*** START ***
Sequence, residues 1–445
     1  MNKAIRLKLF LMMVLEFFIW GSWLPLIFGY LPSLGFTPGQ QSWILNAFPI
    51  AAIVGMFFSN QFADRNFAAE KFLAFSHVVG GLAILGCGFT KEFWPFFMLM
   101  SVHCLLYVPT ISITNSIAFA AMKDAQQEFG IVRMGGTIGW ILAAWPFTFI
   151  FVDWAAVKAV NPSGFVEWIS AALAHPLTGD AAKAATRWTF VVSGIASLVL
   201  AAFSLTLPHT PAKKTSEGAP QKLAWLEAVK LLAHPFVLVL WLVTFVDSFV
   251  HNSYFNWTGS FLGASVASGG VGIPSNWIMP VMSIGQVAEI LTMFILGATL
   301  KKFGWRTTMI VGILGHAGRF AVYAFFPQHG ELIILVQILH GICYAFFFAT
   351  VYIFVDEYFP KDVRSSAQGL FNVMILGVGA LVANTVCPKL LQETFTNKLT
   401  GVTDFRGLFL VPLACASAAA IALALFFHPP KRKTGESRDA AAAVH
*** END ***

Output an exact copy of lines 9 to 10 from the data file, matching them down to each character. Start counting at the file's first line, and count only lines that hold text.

   351  VYIFVDEYFP KDVRSSAQGL FNVMILGVGA LVANTVCPKL LQETFTNKLT
   401  GVTDFRGLFL VPLACASAAA IALALFFHPP KRKTGESRDA AAAVH